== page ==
US Government reveals plans to reimport medicines from Canada


Today the Trump administration announced plans to allow for re-importation of some drugs from Canada in an attempt to reduce the amount of money that American citizens are paying for treatment compared to the rest of the world.
This move marks a major shift in attitude from previous American administrations, who have been staunchly opposed to this idea. 

The proposed plan would allow for re-importation through two pathways. The first pathway would allow for states and wholesalers to launch pilot projects to import treatments that are approved in the US and manufactured in accordance to FDA conditions. However, the first pathway would be limited by only allowing the import of certain categories of lower-class drugs which would exclude biologic products like insulin, intravenous drugs and controlled substances. These limitations would defeat the purpose of the plan, as these exemptions would include many of the high cost products such as rheumatoid arthritis Humira and cancer treatment Keytruda. It would also exclude inhaled products such as respiratory treatments from GSK as well as medications that require Risk Evaluation and Mitigation Strategies from the FDA. These are high quality treatments that are in huge demand.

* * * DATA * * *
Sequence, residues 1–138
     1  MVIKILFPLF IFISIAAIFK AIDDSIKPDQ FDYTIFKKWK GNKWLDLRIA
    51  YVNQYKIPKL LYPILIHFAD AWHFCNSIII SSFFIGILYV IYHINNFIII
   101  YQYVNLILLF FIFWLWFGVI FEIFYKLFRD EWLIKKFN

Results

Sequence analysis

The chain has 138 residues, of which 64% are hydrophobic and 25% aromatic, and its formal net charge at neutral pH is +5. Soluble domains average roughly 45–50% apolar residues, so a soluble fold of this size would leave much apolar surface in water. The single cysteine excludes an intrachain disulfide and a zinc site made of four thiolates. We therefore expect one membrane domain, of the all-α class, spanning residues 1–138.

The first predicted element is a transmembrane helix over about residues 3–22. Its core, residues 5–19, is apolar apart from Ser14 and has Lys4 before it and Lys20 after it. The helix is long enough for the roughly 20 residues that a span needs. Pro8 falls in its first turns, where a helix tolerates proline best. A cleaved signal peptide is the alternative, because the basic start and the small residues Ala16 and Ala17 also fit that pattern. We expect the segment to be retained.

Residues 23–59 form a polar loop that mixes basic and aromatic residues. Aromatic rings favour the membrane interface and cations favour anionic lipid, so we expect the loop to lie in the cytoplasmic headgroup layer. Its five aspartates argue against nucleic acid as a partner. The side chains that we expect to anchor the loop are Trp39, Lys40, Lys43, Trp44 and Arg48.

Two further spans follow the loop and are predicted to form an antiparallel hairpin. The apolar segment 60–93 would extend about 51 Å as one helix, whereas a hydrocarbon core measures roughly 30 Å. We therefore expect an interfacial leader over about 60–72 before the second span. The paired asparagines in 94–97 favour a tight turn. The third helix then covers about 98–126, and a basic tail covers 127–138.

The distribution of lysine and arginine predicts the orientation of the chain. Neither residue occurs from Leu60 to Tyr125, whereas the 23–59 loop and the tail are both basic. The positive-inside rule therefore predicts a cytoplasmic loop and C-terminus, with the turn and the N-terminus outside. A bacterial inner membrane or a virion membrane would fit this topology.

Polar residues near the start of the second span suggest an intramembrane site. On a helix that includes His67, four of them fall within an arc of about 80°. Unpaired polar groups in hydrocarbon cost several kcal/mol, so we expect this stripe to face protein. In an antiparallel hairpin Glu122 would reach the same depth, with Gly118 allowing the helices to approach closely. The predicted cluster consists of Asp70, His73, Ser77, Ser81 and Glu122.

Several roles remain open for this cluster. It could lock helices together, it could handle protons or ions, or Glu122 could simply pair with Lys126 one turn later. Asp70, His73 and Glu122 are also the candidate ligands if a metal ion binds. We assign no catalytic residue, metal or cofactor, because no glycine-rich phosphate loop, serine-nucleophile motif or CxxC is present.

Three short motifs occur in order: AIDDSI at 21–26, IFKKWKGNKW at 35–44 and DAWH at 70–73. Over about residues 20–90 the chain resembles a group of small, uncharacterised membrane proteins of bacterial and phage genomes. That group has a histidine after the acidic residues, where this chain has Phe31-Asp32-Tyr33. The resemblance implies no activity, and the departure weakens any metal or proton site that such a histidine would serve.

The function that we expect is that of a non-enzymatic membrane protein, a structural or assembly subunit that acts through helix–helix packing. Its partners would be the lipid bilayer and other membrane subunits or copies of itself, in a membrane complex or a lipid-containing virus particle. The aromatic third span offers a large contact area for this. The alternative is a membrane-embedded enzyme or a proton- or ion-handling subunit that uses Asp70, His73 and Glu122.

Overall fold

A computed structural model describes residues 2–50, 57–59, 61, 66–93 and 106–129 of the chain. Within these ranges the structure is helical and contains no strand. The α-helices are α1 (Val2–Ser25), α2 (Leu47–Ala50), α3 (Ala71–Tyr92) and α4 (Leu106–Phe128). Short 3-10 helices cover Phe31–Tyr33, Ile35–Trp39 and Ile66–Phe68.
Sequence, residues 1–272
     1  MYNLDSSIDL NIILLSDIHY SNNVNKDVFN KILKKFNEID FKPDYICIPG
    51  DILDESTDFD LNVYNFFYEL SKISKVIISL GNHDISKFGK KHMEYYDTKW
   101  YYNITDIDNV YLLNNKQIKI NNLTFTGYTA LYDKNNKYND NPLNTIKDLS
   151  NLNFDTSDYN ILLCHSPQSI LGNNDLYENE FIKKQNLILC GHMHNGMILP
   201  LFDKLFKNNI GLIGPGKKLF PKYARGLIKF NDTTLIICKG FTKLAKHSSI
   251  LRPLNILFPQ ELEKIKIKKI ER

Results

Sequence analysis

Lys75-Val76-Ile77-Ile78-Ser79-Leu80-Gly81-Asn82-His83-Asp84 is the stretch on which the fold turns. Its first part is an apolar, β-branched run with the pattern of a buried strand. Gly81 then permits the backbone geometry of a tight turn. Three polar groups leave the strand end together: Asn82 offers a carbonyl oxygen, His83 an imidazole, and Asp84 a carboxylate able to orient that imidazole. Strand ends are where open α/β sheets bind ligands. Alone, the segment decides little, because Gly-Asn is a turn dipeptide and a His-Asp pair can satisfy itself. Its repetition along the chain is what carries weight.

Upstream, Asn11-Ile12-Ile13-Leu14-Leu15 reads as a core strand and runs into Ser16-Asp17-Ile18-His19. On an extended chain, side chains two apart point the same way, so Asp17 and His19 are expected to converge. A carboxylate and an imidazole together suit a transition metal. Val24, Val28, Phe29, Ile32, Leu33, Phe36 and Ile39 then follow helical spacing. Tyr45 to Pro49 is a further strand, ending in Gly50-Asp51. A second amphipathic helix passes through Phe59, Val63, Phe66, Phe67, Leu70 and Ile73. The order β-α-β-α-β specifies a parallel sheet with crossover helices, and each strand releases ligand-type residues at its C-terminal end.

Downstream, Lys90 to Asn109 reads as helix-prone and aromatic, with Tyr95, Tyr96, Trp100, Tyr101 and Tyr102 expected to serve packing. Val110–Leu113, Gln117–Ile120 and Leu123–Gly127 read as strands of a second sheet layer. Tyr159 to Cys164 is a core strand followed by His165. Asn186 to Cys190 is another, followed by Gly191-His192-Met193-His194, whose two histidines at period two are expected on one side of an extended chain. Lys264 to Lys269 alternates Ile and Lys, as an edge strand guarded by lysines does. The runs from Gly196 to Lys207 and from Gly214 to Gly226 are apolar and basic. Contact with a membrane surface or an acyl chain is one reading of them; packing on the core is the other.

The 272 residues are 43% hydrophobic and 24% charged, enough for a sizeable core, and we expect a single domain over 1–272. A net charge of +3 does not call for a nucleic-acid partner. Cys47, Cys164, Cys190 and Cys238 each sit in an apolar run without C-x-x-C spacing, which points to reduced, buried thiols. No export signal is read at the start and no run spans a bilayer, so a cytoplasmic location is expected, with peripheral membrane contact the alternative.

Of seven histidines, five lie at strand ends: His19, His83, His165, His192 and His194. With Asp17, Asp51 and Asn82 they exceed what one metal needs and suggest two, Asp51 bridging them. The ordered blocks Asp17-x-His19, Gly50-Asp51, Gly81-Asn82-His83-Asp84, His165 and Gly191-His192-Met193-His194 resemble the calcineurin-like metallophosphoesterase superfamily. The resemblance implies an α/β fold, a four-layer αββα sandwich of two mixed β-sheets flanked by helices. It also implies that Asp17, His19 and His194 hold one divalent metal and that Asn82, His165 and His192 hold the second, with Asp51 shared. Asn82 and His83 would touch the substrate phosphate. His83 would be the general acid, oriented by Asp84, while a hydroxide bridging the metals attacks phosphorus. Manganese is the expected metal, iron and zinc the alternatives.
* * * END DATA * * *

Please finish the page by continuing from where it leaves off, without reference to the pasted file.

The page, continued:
The second proposed pathway, would allow for the FDA to approve manufacturers to import drugs under new national drug codes, potentially allowing for lower prices than those stated in the existing contract.

Pharma companies are opposed to these proposed plans, with PhRMA president and CEO Stephen J Ubl saying that: ‘The administration’s importation scheme is far too dangerous for American patients. There is no way to guarantee the safety of the drugs that come into the country from outside the United State’s gold standard supply chain.’ He also stated that Canadian official warn that the policy is unworkable and could cause shortages north of the border because of diverted supply.

This is not the only move made by the Trump administration towards pricing control, with Trump announcing last month to introduce international reference pricing and also supporting a new plan by Senate finance committee leaders Charles Grassley and Ron Wyden to cap out of pocket medicine costs for patients in 2022.

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